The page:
tejretics
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7/4/2015 12:26:56 PM
Posted: 1 year ago
At 7/4/2015 6:23:31 AM, Philocat wrote:
I know a vegetarian who is very committed the philosophical arguments against eating meat. He argues that:

There is no morally relevant factor that distinguishes all humans from all other animals, hence there are no grounds to allow the eating of all animals yet prohibit the eating of humans.

There isn't.


We cannot appeal to intelligence, since some animals (such as pigs) can be more intelligent than some newborn babies. Yet we eat the former yet we don't eat the latter.

Species membership alone is not a morally relevant factor, and if we cannot find any other morally relevant factor that would allow us to eat all animals but no humans, then we either have to bite the bullet and concede that cannibalism is permissible, or concede that eating animal meat is equally impermissible as cannibalism.

As a meat eater, I am struggling to refute this argument. Can someone help me out?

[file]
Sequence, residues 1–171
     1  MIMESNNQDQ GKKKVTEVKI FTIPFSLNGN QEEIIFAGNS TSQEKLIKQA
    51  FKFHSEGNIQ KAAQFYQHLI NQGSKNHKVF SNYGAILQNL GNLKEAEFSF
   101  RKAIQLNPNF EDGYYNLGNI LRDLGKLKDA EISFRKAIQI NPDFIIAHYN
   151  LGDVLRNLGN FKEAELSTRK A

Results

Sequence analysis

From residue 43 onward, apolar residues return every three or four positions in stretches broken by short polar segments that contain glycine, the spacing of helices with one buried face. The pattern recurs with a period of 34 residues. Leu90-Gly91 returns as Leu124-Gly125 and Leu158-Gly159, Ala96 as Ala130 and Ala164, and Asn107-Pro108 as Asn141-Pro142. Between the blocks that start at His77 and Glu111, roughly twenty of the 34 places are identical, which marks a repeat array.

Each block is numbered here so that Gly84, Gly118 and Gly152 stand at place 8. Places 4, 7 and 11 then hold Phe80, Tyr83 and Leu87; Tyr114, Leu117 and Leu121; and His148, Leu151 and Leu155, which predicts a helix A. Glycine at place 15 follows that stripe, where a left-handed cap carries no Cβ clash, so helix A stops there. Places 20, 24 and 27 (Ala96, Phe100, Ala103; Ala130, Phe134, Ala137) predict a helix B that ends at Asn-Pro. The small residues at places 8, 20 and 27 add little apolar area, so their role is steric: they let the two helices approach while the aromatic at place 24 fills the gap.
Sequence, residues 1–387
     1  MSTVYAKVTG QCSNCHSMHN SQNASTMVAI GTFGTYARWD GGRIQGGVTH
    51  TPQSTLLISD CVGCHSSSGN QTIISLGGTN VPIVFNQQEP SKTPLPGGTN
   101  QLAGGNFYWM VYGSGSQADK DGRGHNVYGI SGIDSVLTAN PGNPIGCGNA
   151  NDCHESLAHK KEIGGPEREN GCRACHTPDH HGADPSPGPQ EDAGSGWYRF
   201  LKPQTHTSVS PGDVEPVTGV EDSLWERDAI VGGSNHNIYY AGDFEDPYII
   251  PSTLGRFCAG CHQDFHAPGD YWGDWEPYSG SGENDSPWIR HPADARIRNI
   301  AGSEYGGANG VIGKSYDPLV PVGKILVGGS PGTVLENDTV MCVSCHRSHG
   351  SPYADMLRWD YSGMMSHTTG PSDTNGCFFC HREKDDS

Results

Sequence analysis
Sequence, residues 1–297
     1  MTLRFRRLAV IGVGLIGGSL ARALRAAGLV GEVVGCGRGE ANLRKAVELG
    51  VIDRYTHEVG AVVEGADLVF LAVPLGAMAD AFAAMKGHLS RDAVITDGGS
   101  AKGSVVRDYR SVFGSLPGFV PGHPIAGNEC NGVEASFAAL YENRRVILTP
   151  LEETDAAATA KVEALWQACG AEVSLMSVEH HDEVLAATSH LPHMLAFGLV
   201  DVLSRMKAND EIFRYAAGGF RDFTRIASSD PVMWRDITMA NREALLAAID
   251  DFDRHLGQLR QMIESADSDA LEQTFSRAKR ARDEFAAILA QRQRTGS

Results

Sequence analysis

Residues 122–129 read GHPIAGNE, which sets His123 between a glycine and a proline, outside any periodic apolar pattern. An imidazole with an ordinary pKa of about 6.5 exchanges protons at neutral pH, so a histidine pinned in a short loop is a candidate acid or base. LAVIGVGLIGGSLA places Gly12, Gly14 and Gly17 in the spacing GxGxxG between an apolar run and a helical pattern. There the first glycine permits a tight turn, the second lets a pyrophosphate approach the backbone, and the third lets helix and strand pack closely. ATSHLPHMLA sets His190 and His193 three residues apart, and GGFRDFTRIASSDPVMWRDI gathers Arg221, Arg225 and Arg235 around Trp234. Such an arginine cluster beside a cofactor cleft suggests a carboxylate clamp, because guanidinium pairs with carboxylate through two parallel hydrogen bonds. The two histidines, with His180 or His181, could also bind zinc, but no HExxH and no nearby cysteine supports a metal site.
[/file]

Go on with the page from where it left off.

The only escape is complete and utter nihilism and apathy. One could also argue about MC--a house analogy, humans made the house of morality, ergo they can decide which guest to welcome into the house, which is the "moral community".

But I still don't think that works. I recommend you turn vegetarian ;D
"Where justice is denied, where poverty is enforced, where ignorance prevails, and where any one class is made to feel that society is an organized conspiracy to oppress, rob and degrade them, neither persons nor property will be safe." - Frederick Douglass
mishapqueen
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7/4/2015 12:43:08 PM